some invectives were made, charging the treasurers with having diverted and misapplied several sums of money, which Sir Thomas Littleton might come to be answerable for etc., which on the other side was answered, by alleging the great candour and probity Sir Thomas Littleton had showed both as a commissioner of the Treasury and in all the chairs wherewith former Parliaments had entrusted him etc.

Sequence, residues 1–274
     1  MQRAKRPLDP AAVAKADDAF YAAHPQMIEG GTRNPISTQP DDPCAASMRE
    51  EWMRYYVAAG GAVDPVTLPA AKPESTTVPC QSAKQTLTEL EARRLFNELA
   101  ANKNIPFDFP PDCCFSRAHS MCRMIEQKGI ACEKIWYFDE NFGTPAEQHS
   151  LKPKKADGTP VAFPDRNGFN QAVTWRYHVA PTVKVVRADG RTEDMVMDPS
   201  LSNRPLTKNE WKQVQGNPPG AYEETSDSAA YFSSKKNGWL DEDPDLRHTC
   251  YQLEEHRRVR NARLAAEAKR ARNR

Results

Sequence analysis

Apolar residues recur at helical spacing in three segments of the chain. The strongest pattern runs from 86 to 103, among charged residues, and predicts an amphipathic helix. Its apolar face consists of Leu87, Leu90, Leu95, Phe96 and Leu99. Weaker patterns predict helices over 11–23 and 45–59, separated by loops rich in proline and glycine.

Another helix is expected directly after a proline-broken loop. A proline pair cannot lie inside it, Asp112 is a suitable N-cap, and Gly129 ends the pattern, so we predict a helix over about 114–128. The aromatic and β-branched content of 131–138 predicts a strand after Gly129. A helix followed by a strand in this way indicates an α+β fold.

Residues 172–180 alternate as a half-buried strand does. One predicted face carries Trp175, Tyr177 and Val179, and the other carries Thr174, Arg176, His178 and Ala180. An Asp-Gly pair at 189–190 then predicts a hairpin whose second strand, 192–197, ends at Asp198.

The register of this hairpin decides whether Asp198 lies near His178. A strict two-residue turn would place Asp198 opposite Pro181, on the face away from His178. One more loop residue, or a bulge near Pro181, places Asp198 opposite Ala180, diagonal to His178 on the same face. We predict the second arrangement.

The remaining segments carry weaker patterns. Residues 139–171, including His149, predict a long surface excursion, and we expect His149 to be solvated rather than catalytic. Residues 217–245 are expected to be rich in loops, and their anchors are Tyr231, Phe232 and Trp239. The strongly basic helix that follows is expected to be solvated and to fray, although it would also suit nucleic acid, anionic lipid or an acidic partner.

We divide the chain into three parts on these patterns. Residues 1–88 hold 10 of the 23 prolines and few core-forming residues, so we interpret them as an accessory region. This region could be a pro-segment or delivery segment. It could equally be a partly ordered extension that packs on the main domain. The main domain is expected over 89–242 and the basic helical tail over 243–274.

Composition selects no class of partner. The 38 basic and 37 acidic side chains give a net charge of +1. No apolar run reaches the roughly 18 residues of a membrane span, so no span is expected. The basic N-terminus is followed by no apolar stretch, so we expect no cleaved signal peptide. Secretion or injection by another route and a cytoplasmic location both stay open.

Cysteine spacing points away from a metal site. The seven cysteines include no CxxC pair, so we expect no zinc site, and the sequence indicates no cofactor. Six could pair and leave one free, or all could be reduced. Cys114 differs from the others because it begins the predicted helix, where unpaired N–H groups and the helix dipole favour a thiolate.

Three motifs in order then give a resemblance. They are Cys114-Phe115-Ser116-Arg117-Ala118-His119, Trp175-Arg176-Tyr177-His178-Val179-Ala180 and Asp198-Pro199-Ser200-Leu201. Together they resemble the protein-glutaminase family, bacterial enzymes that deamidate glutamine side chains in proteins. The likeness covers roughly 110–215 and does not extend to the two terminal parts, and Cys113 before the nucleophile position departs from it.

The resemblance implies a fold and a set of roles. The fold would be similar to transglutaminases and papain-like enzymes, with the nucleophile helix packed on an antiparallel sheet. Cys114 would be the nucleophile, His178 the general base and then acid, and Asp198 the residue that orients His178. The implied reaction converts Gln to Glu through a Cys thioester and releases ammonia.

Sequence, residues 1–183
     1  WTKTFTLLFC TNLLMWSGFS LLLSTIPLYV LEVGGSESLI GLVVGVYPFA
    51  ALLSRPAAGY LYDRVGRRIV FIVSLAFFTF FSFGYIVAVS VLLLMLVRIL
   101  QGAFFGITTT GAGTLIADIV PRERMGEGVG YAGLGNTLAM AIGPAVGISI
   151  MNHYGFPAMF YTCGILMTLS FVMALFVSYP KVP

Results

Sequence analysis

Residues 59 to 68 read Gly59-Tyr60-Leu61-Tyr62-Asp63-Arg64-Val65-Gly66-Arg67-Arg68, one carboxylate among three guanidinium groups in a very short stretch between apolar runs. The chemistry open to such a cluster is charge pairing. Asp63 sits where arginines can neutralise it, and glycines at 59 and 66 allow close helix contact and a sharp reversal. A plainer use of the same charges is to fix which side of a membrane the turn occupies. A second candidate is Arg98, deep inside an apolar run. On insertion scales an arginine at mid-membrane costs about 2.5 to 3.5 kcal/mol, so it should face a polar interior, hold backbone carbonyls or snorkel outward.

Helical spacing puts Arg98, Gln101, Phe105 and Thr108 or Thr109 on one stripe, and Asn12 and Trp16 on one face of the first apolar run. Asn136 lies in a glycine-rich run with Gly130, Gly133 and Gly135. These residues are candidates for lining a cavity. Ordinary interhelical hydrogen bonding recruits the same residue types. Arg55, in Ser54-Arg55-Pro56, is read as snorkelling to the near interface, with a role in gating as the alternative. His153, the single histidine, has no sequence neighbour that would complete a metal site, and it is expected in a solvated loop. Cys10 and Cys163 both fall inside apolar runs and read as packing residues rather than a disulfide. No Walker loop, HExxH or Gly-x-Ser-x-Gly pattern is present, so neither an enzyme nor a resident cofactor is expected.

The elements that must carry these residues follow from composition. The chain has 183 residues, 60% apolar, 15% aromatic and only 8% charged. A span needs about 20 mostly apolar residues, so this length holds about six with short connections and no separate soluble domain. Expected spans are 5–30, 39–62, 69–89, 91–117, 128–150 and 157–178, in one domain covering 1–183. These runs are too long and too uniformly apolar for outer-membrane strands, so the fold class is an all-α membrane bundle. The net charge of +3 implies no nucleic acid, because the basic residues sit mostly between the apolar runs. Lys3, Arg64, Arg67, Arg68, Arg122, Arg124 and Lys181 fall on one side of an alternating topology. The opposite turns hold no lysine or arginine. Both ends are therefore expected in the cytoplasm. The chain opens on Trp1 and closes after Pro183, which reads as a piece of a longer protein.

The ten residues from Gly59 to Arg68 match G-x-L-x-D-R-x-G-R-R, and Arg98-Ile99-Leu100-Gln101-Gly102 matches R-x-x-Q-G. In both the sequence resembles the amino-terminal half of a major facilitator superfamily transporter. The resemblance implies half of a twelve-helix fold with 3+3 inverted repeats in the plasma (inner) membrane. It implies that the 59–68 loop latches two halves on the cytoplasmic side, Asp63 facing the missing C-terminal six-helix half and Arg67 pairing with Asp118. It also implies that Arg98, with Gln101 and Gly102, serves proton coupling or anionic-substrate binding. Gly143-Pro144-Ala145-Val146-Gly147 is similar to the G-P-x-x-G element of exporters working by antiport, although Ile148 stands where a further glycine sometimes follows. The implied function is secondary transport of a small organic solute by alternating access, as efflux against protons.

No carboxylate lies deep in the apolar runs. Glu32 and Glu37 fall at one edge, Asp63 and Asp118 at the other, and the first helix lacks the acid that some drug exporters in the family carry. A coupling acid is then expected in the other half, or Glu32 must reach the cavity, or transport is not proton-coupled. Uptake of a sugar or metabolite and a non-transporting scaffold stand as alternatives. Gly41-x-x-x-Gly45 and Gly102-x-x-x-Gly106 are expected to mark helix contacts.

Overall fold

Even though no competitor was named, Seymour insisted that the question for Littleton should be tried in division. The result, 242 votes in Littleton’s favour against 135, showed the real weakness of the Country party and, as Under-Secretary Ellis (John*) commented, spelt ‘a promising beginning for the King’s affairs’. But there was no mistaking the element of malice lurking in Vernon’s account of Littleton’s formal acceptance of the Chair and swearing-in: ‘Sir Thomas Littleton executed himself pretty laboriously and is rather thought to have overdone it; and he accepted a little flatteringly, saying “as the King had done many impossibilities, he might do him another in enabling him to discharge the place”.’ Once he had taken up his duties, however, Littleton appears to have confined himself to the burdens of the Chair, and even though at liberty to make contributions from the floor when the House was in committee, there is no evidence that he did so.20